Making change for Australian shelter animals, thanks to UF online shelter medicine course

The transformation being made for animals by the Maddie’s Shelter Medicine Program at UF is a global one, and there are few better examples than the changes accomplished by Australian alum Ann Enright, BVMS, MRCVS.

Enright was working in a cat shelter in Australia when she went the to the International Society of Feline Medicine (ISFM) conference in Barcelona, Spain, in 2013. She attended the pre-conference information day, where UF’s Dr. Julie Levy was giving a session on the online graduate certificate in shelter medicine.

“Everything she was talking about was either reinforcing what I knew, or identifying what we could look at incorporating into the workplace to improve what we had in place,” she said. “I got a brochure and applied, paying for it myself as work wouldn’t.”

Enright completed the course online from Australia. “When I was in Florida attending the NAVC Conference, Dr. Terry Spencer was very helpful in organizing a ‘placement’ for me with Dr. Maria Serrano, the Chief Veterinarian at Miami-Dade Animal Services, who was also completing the certificate,” she said. “This both helped reinforce the principles, and also let me see how a busy shelter operated.”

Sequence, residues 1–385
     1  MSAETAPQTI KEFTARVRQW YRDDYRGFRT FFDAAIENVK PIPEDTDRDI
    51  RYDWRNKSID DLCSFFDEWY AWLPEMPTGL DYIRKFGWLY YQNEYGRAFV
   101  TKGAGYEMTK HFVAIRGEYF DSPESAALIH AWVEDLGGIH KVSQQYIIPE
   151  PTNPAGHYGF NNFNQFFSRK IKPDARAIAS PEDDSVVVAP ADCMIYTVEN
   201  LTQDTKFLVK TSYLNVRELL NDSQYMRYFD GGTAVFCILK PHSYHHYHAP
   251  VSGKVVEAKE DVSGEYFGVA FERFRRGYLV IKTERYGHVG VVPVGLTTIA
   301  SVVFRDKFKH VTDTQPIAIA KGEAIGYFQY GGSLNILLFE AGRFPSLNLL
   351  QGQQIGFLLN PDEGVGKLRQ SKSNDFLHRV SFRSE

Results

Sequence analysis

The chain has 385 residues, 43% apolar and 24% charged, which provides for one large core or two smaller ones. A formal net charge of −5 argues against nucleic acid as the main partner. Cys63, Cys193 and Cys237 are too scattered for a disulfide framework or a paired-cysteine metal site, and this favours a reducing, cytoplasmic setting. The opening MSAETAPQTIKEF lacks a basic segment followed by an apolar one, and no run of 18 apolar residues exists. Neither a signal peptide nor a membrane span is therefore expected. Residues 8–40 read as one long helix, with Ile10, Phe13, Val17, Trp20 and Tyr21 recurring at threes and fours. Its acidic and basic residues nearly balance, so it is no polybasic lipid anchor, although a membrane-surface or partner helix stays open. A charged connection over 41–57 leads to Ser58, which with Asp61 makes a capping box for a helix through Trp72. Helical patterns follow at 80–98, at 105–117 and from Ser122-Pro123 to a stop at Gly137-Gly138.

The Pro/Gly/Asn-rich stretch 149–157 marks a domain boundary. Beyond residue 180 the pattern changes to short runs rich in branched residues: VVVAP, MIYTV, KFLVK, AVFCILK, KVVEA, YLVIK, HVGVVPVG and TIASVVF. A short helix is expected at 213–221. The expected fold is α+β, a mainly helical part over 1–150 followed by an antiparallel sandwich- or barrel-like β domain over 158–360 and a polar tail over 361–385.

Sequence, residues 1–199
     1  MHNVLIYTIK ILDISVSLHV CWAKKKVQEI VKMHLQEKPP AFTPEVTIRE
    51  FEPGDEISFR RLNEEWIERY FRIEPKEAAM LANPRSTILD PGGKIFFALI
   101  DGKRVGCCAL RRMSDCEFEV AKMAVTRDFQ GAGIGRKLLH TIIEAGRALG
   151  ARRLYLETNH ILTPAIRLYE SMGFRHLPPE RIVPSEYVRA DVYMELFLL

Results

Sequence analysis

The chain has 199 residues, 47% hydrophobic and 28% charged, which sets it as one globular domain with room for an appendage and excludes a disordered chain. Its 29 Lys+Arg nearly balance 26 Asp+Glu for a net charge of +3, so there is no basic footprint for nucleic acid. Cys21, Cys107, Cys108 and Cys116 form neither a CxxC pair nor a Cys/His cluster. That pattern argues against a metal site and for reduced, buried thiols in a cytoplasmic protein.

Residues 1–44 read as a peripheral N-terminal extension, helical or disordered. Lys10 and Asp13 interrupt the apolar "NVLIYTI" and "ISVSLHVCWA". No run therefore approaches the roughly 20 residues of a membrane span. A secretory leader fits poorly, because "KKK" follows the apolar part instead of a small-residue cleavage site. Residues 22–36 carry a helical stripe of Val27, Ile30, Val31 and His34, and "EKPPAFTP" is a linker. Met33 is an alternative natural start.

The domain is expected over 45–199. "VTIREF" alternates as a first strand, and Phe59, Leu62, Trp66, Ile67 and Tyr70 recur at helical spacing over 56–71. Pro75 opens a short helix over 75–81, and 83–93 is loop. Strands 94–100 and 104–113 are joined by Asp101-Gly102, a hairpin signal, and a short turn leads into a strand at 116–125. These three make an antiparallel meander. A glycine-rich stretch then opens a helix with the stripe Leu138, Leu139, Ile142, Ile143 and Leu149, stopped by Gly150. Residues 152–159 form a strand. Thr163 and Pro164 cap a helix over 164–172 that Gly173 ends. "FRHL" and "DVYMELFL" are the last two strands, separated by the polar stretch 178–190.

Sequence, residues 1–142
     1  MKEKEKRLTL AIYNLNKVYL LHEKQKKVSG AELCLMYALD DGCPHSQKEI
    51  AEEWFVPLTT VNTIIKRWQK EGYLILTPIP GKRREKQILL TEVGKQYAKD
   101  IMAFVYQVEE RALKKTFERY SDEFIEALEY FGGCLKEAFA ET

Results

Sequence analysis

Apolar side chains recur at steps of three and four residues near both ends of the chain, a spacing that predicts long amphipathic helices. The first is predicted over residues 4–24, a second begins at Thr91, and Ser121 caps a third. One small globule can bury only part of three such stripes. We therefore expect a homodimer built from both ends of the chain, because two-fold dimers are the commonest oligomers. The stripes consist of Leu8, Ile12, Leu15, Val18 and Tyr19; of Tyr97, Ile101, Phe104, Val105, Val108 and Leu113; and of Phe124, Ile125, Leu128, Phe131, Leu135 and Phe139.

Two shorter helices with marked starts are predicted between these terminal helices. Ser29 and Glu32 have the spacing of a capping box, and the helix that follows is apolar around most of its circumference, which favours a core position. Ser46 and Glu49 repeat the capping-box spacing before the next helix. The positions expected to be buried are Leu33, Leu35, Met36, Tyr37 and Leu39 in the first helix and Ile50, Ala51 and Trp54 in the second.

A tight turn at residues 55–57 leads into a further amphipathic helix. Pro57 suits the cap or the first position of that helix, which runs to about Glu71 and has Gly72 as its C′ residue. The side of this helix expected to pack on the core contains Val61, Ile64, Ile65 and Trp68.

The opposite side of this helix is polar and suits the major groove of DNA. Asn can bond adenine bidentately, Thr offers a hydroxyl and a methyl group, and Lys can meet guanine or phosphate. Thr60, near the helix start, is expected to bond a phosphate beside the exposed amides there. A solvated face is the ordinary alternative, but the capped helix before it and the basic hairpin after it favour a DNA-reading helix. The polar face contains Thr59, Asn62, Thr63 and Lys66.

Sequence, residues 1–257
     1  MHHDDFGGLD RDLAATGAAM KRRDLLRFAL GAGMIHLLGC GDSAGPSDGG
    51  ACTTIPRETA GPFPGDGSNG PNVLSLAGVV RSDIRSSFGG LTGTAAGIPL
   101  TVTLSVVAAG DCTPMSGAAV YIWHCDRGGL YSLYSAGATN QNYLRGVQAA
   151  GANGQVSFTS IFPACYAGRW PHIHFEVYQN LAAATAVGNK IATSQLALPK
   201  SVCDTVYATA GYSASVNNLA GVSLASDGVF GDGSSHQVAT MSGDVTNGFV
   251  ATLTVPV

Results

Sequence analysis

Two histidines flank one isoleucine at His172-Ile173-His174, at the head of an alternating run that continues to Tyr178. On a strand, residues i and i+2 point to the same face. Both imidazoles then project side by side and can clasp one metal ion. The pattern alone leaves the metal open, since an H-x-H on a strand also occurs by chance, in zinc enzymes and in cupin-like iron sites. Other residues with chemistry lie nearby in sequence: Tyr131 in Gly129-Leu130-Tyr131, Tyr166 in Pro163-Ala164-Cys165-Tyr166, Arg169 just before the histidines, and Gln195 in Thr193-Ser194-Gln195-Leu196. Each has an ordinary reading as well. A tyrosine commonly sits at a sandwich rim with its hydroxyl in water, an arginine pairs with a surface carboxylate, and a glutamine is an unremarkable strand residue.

Those lessons were of critical importance when Enright took a new position in a shelter last year. “When I started, I walked into a real mess,” she said. “January and February is right slap-bang in the middle of kitten season here in Australia, so the shelter had cats and kittens everywhere, most of them (90 percent or thereabouts) sick with URI.

“It took a few months to get some things off the ground due to other organizational issues. However, from July last year we were able to crank up the pace and are now reaping the benefits! Shelter population now hovers around 20 percent of what it was, and I have reduced the incidence of disease down to less than 5 percent, and those two kittens arrived with URI signs. We have practically run out of cats and kittens for adoption during the busiest part of the season!”

Enright said the most important thing she learned from the course was to keep the animal numbers under control. “By doing that over the past year,” she said, “I’ve been able to demonstrate to everyone just how effective it is, how you are actually able to help more cats and kittens with the same or fewer resources, and how you can even save money while doing more.”

One of Enright’s main goals is to pay forward what she learned from the UF course. “I want to be able to work with other organizations and help them improve their practices based on what I have learned so far,” she said. “And I want to thank UF and its incredible team of instructors for providing such great information, support, and ideas.”

For more information on the Maddie’s® Graduate Certificate in Shelter Medicine, visit the UF Maddie’s® Shelter Medicine Online Program website.

Photo: Dr. Enright with UF’s Dr. Larry Garcia at the Maddie’s Shelter Medicine Program booth at Animal Care Expo.